Testacy and Intestacy: The Dynamics of Wills and Demographic Status

45 Pages Posted: 13 Jan 2010 Last revised: 12 Sep 2010

See all articles by Alyssa A. DiRusso

Alyssa A. DiRusso

Samford University - Cumberland School of Law

Date Written: January 12, 2010

Abstract

In this Article, I seek to investigate several questions relating to testacy and intestacy. First, who is intestate? Are there demographic characteristics that predict intestacy and is there a class divide among whom the law serves? (Statistical analyses of original empirical data are used to shed light on these issues.) Next, does intestacy matter - what are the consequences of intestacy? Finally, what does intestacy mean or signify? On a theoretical and abstract level, how can we characterize intestacy - how do we define it, and how does it define us?

These questions, when carefully considered, lead to a theory: that there is a connection between hierarchical socio-demographic roles and the legal status of testacy or intestacy that parallels these roles. Specifically, I compare the dynamics created by testacy/intestacy and analogize to the roles created by men/women and whites/non-whites, and argue that the overlap between the individuals who fill each status role is not coincidental. Finally, I develop the theory that when hierarchical status is created by law, there may be a connection to social status in filling those roles. More explicitly, when we identify areas of the law that create the dominant/non-dominant dynamic we tend to see in race and sex relationships, we should scrutinize the law to determine whether it is a reflection of - or possibly a contributor to - the dynamics of race and sex.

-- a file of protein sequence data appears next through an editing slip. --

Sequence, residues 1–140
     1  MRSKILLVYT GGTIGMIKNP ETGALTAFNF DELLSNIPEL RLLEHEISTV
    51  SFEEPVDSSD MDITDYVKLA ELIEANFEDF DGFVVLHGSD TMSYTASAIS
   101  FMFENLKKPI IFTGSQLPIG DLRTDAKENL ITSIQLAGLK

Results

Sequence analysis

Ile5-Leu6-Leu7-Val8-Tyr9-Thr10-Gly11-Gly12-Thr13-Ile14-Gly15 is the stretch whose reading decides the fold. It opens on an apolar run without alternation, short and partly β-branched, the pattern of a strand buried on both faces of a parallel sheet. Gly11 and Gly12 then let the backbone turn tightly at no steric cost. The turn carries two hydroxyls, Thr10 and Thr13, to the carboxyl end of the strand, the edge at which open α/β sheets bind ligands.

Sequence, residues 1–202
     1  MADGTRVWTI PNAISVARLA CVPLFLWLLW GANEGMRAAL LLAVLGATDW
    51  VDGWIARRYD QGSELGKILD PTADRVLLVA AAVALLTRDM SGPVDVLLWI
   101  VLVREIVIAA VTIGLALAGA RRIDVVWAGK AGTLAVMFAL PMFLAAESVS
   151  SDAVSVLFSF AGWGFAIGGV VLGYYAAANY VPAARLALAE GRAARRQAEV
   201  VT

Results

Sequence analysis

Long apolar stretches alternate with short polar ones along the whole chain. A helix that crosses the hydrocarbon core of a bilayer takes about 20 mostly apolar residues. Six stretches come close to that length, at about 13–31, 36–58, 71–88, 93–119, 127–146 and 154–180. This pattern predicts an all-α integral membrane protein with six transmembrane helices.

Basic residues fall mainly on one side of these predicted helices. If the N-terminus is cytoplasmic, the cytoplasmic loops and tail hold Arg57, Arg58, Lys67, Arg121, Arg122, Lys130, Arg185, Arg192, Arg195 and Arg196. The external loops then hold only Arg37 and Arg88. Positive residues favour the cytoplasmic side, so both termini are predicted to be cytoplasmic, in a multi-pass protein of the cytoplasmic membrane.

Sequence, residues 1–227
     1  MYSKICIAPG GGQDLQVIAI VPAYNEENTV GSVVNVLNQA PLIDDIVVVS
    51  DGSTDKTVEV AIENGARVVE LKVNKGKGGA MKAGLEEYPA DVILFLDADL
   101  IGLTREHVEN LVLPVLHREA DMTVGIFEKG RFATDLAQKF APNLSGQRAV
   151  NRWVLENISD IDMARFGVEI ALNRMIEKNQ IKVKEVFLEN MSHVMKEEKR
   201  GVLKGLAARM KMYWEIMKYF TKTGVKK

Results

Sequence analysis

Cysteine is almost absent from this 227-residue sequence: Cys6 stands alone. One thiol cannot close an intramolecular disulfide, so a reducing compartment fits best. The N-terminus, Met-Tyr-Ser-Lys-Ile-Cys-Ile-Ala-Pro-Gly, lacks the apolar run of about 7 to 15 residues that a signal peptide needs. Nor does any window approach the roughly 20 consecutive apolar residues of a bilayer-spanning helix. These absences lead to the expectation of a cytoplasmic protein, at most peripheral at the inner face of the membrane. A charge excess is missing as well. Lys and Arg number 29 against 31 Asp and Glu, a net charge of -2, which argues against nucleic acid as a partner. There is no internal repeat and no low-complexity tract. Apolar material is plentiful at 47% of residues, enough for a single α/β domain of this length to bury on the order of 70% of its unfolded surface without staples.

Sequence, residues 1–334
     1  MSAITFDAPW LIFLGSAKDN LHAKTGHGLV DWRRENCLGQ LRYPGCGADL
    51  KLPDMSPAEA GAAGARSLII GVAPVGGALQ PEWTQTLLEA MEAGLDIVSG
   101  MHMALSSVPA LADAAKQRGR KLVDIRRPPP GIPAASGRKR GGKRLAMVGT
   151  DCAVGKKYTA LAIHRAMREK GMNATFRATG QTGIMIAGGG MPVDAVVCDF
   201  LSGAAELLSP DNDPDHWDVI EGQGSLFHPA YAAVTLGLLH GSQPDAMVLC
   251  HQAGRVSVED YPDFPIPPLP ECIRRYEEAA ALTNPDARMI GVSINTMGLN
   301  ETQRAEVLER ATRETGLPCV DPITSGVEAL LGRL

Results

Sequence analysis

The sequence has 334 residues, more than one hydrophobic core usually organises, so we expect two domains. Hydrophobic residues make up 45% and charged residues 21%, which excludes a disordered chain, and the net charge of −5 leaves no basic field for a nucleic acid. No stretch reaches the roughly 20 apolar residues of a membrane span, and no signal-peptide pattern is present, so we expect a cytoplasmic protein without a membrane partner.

Keywords: wills, intestacy, estates, race, sex, gender, empirical

JEL Classification: K39

Suggested Citation

DiRusso, Alyssa A., Testacy and Intestacy: The Dynamics of Wills and Demographic Status (January 12, 2010). Quinnipiac Probate Law Journal, Vol. 23, No. 1, 2009. Available at SSRN: https://ssrn.com/abstract=1535459

Alyssa A. DiRusso (Contact Author)

Samford University - Cumberland School of Law ( email )

800 Lakeshore Dr.
Birmingham, AL 35229
United States

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